higher it would start blocking the flue. We had furnace guys come in regularly
to clean the furnace, but never had a chimney cleaner. Guess I thought the
furnace people would look at that ash box once in a while.
Remove "not" for return address.
We did have the home inspected but due to snow on the roof they could
not perform an inspection of the chimney from above. All they could do
was inspect it from inside the house (they said it needed to be
cleaned) and from the outside using binoculars (saying a couple bricks
on top needed repointing). I am having a chimney co. come to clean and
cap (was going to have this done anyway), and then inspect the chimney
for the source of water. Is this problem common? Easily diagnosed by
The chimney is on the side of the house and has two flues, 1 for wood
burning fireplace, the other for oil boiler. It is a brick chimney
about 50 years old. The outside appears in very good shape (from
ground up anyhow).
The chimney is lined in both flues. I had a chimney co. come today and
after looking over the chimney they recommend a cleaning, cap, and some
kind of sealant spayed on the outside to stop water from absorbing
through the brick. While looking in the ash cleanout they noticed that
the brick was soaking wet, even above the highest point the water rose,
that's why they are recommened the sealant.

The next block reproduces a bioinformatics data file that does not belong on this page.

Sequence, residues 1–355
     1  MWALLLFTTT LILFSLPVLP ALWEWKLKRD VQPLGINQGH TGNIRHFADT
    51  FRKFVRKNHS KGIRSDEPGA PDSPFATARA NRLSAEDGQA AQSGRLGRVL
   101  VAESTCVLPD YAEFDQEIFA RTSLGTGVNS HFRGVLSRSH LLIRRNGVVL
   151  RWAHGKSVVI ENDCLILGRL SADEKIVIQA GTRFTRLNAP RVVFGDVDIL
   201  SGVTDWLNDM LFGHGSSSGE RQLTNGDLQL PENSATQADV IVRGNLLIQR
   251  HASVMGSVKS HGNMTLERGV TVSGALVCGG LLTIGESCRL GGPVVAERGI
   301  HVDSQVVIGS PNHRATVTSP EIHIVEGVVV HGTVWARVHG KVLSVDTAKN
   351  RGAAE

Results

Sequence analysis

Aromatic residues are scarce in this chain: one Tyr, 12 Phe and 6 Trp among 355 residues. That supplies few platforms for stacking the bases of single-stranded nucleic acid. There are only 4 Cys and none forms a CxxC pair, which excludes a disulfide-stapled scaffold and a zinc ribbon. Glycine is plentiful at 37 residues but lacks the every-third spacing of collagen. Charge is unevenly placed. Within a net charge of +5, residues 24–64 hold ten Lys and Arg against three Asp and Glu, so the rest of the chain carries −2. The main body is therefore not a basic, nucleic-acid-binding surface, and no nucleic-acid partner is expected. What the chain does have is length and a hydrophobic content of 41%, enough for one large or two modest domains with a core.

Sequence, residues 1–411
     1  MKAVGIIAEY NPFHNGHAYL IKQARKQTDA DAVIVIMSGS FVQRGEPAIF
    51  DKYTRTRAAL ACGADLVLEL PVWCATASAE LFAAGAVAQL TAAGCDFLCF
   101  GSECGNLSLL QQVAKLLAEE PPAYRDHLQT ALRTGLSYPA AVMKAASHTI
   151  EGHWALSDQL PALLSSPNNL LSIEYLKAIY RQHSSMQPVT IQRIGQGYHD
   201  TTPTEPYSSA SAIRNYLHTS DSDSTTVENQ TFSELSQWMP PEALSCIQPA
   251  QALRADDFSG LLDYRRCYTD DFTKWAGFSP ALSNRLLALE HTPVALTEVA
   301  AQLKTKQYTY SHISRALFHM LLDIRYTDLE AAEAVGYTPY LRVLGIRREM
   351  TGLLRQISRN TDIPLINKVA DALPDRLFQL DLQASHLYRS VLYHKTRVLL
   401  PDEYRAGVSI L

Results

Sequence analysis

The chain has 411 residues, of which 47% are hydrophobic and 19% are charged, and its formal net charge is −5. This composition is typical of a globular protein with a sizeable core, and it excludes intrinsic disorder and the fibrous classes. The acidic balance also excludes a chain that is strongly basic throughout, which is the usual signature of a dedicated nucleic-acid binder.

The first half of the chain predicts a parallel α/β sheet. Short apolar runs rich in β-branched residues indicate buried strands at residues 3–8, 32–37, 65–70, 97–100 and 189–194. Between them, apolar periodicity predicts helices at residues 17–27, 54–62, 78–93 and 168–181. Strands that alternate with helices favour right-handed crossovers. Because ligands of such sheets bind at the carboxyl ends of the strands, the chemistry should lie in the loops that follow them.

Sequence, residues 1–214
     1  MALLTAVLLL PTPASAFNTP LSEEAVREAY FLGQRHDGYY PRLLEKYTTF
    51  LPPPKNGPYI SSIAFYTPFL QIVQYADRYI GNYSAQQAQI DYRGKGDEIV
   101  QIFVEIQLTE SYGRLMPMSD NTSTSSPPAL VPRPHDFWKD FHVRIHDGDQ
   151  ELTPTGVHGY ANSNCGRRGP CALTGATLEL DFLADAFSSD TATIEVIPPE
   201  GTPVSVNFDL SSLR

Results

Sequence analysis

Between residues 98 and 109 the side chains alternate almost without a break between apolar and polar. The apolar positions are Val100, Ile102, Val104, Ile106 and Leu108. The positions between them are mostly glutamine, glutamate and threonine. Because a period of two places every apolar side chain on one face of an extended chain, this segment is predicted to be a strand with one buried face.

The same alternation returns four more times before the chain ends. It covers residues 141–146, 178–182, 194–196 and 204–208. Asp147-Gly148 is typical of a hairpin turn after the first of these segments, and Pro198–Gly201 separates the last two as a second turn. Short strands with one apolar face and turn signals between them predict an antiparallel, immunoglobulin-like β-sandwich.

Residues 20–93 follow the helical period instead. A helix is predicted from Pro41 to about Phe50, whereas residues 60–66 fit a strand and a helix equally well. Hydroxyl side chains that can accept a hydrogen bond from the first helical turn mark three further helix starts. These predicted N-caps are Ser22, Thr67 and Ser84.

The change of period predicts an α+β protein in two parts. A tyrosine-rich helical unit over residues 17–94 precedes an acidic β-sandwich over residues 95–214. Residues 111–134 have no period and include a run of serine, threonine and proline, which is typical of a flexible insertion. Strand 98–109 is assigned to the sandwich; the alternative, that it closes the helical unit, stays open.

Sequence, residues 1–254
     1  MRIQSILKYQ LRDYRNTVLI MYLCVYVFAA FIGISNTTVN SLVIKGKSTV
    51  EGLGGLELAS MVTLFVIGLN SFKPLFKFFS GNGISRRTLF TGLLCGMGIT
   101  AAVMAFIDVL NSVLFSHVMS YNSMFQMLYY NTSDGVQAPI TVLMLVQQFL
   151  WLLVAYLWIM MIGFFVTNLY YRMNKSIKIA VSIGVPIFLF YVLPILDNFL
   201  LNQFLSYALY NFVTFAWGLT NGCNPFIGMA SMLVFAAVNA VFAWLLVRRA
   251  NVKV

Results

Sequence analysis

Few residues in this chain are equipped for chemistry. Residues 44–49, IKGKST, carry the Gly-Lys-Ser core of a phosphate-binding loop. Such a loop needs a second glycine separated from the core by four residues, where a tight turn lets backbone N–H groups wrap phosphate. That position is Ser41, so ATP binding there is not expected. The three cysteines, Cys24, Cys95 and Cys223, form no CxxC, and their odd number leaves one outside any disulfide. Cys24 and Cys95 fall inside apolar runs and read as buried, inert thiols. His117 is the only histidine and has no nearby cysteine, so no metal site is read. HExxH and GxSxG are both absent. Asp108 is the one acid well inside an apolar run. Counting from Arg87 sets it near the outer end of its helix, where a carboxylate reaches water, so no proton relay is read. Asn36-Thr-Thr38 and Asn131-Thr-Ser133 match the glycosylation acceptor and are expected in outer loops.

Sounds like more water than could be accounted for by absorption but give it
a try and see what happens next. Sounds mainly like a nuisance than an
imminent threat to your house.
I was dissapointed by my last chimney cleaner who identified a bunch of
problems but then could not give me a quote to fix it because he was not
also a mason, just a cleaner. Now I need to pay another guy for either a
quote or another cleaning where he can do a comprehensive quote. (cleaning
is only $15 more than a quote fee and it has been a year and my roommate
does like to burn paper so it is OK in the end)
In my case, there is so much missing mortar and cracked brick, they want to
tear it down to the sholder and build it back up. Supposedly cheaper than
repointing yards of mortar joint (plus there is apparently a point dictated
by code where you are not supposed to repair but rebuild). Fortunately I
have a 1 story ranch.
The outside of my chimney is in great shape (chimney guy, also a mason)
did a check of the general condition of the outside of the chimney and
found nothing that needed attention, in fact said it looked in perfect
shape. He did suggest that some of the water could be getting in below
grade, and if that's the case I should dig down to the bottom of the
chimney below grade (less than two feet for me) and seal with
foundation sealer, then back fill. I figure if the water still builds
up in the clean out after capping and sealing, than it must be coming
from underground, at which time I'll dig and seal. Of course we're
supposely going to get slammed again tomorrow afternoon/night :(. I
swear if we get another "100 year storm" or "record breaking rain
event" here in RI, I'm selling and moving to the desert.